RJ Messineo: Your characters were multifaceted and singular. It was built around a singular subject who was more than just one thing. The relationship between the two of you was also a subject. I also saw gender playing out. A navigation between male and female or you say something and then I say something or you do a solo and then I do a solo.


Lydia Okrent: I was thinking about conflict inside of cohesion. In the first part, your faces matched the activity and this made a narrative or a potential narrative stand out in a really trope heavy way. But as things started piling up, as objects started to adhere to places where they don’t belong or get used in ways they are not “supposed” to be used, the literal started to unravel. Objects and moments coalescing into new configurations because of the objects and your bodies being in conflict but adhered. I was not trying to track anything as everything disappeared the moment before I could name it. This is a really lovely place for me to be as an audience member. Being allowed to take part in or give in to the delightfully illogic. It takes me away from asking why something is happening.

GH: I did a lot of thinking about emotion and your faces and sincerity and irony and horror and slapstick and humor. The acted emotion changes so quickly that I don’t feel anything in direct response; I don’t feel happy or scared or worried. I am feeling a lot of emotions about other things like a sort of wonderment over what happens when you just follow an idea to its end. I am baffled in the best way. I wonder what your faces are doing to the work, what would be different if everything was the exact same but your faces were neutral.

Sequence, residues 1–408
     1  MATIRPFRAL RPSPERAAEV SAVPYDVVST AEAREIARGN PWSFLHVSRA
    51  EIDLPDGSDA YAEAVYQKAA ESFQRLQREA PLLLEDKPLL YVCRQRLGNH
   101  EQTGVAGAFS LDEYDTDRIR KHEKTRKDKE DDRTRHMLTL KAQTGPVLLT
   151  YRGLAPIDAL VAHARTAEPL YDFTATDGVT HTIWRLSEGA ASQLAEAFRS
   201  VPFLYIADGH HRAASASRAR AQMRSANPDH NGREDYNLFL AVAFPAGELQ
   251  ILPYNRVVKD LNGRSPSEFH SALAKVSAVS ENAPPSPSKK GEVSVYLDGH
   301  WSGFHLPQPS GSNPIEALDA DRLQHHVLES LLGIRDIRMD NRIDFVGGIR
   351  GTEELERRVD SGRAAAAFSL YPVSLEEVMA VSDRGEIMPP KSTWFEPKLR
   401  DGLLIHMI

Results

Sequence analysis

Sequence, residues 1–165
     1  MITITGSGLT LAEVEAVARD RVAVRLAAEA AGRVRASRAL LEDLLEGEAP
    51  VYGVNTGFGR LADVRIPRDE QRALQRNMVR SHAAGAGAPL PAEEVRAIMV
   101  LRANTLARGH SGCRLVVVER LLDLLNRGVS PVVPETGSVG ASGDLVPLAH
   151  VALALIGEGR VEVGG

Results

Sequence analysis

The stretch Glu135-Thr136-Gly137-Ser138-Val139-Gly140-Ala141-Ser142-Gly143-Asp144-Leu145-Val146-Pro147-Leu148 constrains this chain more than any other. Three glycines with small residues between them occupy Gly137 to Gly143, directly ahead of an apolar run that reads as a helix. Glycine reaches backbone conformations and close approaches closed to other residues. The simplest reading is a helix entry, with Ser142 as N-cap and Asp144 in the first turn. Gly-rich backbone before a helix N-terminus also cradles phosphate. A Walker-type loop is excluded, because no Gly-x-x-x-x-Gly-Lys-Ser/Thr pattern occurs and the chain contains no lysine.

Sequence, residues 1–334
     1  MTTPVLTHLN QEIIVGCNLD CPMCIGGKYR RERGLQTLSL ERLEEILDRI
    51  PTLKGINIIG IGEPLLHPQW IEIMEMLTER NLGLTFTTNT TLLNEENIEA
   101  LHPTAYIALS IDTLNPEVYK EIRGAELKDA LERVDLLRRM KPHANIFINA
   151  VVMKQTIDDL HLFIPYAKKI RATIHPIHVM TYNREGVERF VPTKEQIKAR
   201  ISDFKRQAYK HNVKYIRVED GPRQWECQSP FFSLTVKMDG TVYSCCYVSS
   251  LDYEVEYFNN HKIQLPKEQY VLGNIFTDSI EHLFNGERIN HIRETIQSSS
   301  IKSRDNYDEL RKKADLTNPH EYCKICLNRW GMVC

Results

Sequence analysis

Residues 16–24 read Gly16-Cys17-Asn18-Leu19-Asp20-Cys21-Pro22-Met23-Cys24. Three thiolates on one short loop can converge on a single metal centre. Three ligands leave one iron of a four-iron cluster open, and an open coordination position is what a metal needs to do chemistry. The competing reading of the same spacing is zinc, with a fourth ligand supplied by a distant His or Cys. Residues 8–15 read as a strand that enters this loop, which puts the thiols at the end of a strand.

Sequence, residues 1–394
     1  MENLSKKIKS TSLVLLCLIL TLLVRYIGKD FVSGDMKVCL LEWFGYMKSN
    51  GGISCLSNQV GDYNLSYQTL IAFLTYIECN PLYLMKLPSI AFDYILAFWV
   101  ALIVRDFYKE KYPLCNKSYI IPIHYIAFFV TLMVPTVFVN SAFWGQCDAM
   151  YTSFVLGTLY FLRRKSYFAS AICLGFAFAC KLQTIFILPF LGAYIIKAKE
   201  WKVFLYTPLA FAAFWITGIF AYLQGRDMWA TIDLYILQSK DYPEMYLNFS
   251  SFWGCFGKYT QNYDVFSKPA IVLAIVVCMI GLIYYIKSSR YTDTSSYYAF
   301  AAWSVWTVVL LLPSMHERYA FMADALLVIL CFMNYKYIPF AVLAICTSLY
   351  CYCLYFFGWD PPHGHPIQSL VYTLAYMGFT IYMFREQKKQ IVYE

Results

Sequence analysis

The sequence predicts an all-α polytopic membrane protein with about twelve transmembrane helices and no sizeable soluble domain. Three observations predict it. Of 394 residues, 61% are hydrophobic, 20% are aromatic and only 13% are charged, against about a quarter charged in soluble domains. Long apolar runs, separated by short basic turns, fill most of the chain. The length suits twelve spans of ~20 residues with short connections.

MK: The face is a tool that is stereotypically underutilized in dance. We are interested in getting at a movement state that refers to something and then doesn’t and that is something the face can do.

LO: I found it jarring when you weren’t actively using your face. When you became natural. Or less than neutral, self conscious.

MK: We have thought about this question a lot. When the face is used as a signifying tool and then you try to take it away, it is really confusing.

LO: You can't ever take the face away. It’s always going to be there on the front of your head.

KD: I watched your faces less as something evocative of emotion and more like part of this whole terrain of moments that have different consequences. I was also tracking your faces as one person registering a shift in how an object is being interacted with. The moment I noticed most was when Matt was crinkling the cans, and your face registered that as “I hear something is happening with the cans and I am going to move in a way that is responsive to that new atmosphere that is happening.” It was less like, here I am going to use my face to make the audience feel a particular way about my internal state, more like we are working together facially to make agreement about rules or environment we are going to be working with.

GW: They're masks. They're not you. You aren’t saying this is me.

GH: We are hardwired to respond to faces emotionally. When you are speaking to somebody and they are making facial expressions, you don’t really have any agency around how you are responding. A little bit goes a long way. Your facial expressions are not expressing emotions in a standard way which I am excited about. It's a very weird feeling. Maybe just think about that more and play with what it is to produce emotions that are not expressive.

MS: Do you think that applies to just the face? Or if you use your arm a certain way it leads to a certain set of consequences. Or are the consequences of the face more than the consequences of your genitals your big toe your knee? There's a hierarchy of consequence in the places at the top.